While I was searching for a program to ďripĒ a movie Iíd recorded off a DVD-RAM disk and then edit that, there had already been created software that just copied the movie onto your hard drive and then opened it in an editor. Who knew? I had to learn the hard way that ripping was NOT what I had wanted to do (after buying so many video rippers too).

So, here I had accumulated about 15 worthless programs because I was told (and I believed) it was a complex process that required a PhD, 3 high speed DVD drives, tons of software, a whoopee cushion, a Kalatchnikov, and exact change.

In walks TMPGEnc MPEG Editor. You put your DVD in the drive, open TMPGEnc MPEG Editor, tell the program to go find your movies, click on the drive and whatever movies on that disk will appear as unnamed programs. Click on them, and they are copied to your disk, and listed out, still untitled. Click on one and choose to edit, and bingo, itís there on your screen with a player below it. And editing is a breeze.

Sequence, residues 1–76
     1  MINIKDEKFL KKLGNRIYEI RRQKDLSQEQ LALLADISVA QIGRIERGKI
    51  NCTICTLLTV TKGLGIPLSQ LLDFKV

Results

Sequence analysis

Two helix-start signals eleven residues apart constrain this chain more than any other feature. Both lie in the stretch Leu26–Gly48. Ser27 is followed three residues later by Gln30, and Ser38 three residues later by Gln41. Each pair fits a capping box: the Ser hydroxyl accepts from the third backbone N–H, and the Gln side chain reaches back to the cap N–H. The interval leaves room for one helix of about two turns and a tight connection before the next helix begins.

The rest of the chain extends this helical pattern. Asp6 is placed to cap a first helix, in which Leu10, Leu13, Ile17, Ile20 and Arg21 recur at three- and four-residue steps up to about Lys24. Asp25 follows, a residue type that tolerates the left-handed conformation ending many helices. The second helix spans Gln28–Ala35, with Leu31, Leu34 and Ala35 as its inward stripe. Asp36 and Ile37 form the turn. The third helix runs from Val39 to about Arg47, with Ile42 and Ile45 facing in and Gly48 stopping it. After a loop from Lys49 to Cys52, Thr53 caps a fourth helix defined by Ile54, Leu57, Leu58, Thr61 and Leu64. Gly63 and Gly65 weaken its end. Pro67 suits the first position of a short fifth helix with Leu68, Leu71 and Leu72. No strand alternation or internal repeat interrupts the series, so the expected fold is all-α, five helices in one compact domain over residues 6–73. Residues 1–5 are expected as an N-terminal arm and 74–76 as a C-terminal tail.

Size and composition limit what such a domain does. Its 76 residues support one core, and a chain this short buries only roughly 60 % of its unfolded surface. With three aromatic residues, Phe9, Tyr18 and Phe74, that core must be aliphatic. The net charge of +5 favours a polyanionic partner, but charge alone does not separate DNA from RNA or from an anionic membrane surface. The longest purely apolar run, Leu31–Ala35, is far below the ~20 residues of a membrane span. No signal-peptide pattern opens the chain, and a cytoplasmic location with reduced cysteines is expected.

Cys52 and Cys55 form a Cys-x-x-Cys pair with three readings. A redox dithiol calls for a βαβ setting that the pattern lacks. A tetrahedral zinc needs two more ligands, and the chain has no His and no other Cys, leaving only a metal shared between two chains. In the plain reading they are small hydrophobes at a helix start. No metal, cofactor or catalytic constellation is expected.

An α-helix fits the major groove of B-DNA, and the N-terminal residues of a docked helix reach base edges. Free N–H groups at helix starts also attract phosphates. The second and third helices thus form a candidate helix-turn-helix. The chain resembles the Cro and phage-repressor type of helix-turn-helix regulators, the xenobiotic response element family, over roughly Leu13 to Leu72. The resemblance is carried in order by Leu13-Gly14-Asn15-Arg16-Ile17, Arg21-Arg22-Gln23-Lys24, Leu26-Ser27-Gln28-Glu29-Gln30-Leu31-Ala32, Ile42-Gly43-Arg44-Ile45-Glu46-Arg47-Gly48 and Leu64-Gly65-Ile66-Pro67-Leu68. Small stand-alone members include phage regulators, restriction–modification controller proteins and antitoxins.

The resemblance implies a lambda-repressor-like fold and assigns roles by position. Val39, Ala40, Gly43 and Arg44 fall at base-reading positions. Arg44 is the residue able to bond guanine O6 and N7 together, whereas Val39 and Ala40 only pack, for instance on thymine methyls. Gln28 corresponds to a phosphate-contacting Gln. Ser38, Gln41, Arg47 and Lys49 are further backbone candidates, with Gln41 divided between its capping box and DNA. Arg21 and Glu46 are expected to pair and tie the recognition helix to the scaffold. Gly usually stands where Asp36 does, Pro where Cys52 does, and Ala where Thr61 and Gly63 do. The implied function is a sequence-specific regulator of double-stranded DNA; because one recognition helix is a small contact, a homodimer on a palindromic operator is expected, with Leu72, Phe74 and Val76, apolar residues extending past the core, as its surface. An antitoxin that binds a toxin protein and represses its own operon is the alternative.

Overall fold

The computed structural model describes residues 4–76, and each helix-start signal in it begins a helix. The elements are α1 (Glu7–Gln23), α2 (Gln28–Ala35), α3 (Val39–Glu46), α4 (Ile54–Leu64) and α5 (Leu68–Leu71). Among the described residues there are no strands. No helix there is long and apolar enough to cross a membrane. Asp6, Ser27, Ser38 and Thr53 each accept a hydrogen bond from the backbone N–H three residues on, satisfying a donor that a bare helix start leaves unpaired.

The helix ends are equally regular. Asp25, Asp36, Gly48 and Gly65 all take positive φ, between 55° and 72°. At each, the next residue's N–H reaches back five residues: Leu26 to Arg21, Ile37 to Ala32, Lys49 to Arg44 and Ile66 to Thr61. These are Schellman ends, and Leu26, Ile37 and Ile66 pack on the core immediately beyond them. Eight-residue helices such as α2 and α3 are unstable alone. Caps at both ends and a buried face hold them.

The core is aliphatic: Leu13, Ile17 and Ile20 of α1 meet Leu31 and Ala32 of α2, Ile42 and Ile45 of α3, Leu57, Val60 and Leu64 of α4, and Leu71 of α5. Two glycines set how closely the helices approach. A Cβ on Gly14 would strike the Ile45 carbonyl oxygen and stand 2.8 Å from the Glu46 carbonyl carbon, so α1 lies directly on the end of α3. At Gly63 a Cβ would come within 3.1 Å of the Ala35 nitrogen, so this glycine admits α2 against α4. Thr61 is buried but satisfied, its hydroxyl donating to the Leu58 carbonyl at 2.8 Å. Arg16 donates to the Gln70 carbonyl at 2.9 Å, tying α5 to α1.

So, there you have it. All the software here can make you into a Cecil B. DeMille or an Andy Warhol, or you can be the next John Waters. (Always keep in mind that no one in the world ever predicted that the Blaire Witch Project, done entirely with a relatively inexpensive video camera, would make millions of dollars.) You can create photographs like Ansel Adams, Robert Mapplethorpe, or Arthur Stieglitz. You can create DVDs with menus, video CDs, and presentations of the new baby that Grandma will treasure as long as she lives. The possibilities are endless, limited only my your imagination.

One Last Thing: Learn from Others

Your DVD recorder hooked up to your TV set will record in a few different modes. One of those modes is EP which can record 6 full hours.

You will probably not find software that will record 6 hours of video to a DVD (that is of any quality worth watching). I have no clue why this is, when movies recorded from television with a DVD recorder are just fine in the EP mode (6 hours).